Read More

How To Clean Makeup Brushes Naturally

Posted by on Aug 28, 2013 in Green Clean, Skin & Hair Care | 3 comments

How To Clean Makeup Brushes Naturally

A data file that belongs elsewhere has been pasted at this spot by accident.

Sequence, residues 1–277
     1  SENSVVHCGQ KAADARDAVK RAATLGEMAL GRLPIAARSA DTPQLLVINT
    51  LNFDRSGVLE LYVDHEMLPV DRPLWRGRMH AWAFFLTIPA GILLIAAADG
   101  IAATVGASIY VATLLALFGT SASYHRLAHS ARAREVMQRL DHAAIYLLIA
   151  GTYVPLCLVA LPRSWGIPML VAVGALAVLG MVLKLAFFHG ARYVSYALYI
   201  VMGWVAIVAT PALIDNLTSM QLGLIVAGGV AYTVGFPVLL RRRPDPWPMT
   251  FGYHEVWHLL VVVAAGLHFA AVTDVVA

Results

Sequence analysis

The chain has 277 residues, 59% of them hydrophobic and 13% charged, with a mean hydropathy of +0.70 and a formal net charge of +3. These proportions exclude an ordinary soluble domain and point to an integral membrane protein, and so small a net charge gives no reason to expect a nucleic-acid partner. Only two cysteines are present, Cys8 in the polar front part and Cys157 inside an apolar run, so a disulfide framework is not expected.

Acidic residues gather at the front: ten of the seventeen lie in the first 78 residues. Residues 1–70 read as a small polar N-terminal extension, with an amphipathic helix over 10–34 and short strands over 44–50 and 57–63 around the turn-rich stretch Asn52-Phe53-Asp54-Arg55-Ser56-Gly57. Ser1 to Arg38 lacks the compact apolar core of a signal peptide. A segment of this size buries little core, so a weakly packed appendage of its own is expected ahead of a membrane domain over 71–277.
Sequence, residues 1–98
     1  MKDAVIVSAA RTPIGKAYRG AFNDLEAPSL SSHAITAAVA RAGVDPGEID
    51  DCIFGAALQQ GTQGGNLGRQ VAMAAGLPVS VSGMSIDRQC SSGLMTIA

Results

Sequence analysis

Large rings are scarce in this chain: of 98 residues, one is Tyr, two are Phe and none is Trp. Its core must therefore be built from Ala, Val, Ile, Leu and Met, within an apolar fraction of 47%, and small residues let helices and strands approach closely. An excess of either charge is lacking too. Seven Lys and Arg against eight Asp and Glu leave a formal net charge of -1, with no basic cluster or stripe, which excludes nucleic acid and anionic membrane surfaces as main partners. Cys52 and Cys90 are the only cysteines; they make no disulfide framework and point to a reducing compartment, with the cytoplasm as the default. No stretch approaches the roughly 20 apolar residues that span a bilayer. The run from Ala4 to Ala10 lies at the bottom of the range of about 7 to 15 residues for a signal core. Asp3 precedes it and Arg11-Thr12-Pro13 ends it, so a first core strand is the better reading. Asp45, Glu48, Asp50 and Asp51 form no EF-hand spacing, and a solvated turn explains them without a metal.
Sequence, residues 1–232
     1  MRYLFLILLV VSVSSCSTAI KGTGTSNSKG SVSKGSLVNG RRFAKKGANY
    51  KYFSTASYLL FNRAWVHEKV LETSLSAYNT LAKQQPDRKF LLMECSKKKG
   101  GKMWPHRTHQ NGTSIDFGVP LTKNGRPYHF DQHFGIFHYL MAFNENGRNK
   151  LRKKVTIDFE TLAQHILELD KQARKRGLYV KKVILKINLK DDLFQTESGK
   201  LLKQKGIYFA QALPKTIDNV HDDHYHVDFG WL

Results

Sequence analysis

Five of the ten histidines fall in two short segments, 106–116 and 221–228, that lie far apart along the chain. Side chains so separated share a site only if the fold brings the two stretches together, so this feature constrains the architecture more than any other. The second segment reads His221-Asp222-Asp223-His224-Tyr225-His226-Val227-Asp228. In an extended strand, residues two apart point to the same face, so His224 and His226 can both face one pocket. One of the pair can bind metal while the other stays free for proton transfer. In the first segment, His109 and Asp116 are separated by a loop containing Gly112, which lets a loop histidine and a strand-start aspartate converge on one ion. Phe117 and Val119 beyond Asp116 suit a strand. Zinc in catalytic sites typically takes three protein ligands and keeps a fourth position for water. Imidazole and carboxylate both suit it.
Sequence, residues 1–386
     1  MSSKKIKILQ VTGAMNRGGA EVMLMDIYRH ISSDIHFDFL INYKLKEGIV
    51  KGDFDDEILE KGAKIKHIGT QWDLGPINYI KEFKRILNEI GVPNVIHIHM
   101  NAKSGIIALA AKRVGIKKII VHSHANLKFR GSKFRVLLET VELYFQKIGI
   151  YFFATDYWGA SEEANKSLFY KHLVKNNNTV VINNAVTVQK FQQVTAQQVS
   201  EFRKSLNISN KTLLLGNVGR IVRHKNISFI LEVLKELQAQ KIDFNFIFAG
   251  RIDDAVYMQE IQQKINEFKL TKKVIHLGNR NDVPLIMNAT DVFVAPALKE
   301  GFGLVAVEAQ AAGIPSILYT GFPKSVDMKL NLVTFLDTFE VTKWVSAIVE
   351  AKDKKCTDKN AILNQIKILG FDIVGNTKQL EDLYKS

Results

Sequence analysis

Replacing disposable or one-time use makeup applicators with reusable makeup brushes is the green thing to do but you have to clean them regularly to keep them sanitary. Reusable makeup brushes collect dirt, oil and dead skin from your face and that can turn them into a breeding ground for bacteria. So let’s talk about how you can easily clean makeup brushes naturally. Before you begin, collect everything you need. all your dirty makeup brushes brush guards 3 cups a plate clean towel (optional) extra virgin olive oil castile soap (or any mild soap) warm water white vinegar Now your ready to start cleaning your brushes. Throughout the cleaning process remember to be gentle with your brushes. Don’t press the bristles too hard, splay the bristles or tug at the bristles. Also keep in mind that you are only cleaning the bristles, you don’t want to dip the shaft of the brush into the water or vinegar since it may ruin the the glue that keeps the bristles on the brush. In one of the cups mix warm water and castile soap to make a bath for your brushes. Fill another cup with enough vinegar to dip the bristles of your longest brush. Pour a small puddle of extra virgin olive oil on a plate. Dip a dirty makeup brush in the olive oil and run it back and forth across the plate until it stops leaving dirty streaks. This step helps clean the brush, but it’s also important if you have natural bristle brushes because the oil conditions the bristles to keep them soft. Next, dip the brush in the soapy water. Remove the brush from the soapy water and gentle swirl it in the palm of your hand. Repeat steps 5 and 6 until the brush is clean. Gently squeeze the bristles to remove excess water. Dip the bristles in white vinegar to sanitize them, then rinse them under a faucet with warm water. If you want to clean the handle of the brush, wipe it with a moist, clean towel. Place the brush in a brush guard, leaving about an inch of the guard past the bristles. Always pull the brush through the brush guard by the handle to keep from bending the bristles. Stand the brush on the brush guard, bristles down, in a cup to dry. It’s obvious you wouldn’t want to dry your brush by standing it on the bristles alone because that would ruin them, but most people don’t realize that standing it on it’s handle to dry will cause the water to seep into the shaft of the brush, thus loosening the glue that hold the bristles on. Additionally, the water could cause wood handles to swell and split. I know it looks like a lot of steps, but it probably took you longer to read this post than it will to clean your brushes, so get to it and let us know how it works out! Like this post? Subscribe...